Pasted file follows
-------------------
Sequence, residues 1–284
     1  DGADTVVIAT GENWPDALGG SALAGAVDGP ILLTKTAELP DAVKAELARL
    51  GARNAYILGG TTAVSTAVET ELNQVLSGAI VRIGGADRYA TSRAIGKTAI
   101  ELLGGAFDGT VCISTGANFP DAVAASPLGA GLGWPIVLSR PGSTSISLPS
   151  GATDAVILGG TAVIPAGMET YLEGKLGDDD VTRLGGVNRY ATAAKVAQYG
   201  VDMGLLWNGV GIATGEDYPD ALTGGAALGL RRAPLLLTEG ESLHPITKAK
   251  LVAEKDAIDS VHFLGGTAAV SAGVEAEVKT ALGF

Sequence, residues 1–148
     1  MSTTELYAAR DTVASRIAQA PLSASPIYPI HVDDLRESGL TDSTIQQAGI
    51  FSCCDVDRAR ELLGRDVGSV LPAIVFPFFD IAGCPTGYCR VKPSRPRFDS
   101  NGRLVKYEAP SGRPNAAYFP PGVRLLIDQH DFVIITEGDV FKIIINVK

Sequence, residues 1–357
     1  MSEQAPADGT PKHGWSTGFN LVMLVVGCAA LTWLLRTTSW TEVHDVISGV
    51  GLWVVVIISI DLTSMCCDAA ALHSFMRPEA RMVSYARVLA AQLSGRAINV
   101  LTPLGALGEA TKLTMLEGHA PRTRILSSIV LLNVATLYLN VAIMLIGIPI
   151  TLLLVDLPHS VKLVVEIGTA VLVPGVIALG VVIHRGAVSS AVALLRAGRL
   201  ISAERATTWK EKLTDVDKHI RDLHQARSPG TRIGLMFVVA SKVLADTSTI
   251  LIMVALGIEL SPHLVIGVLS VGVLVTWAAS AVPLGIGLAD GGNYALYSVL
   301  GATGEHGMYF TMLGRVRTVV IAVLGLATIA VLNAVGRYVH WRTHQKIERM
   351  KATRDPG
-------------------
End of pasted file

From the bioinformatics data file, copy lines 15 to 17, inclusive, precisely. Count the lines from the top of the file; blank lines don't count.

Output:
   101  LTPLGALGEA TKLTMLEGHA PRTRILSSIV LLNVATLYLN VAIMLIGIPI
   151  TLLLVDLPHS VKLVVEIGTA VLVPGVIALG VVIHRGAVSS AVALLRAGRL
   201  ISAERATTWK EKLTDVDKHI RDLHQARSPG TRIGLMFVVA SKVLADTSTI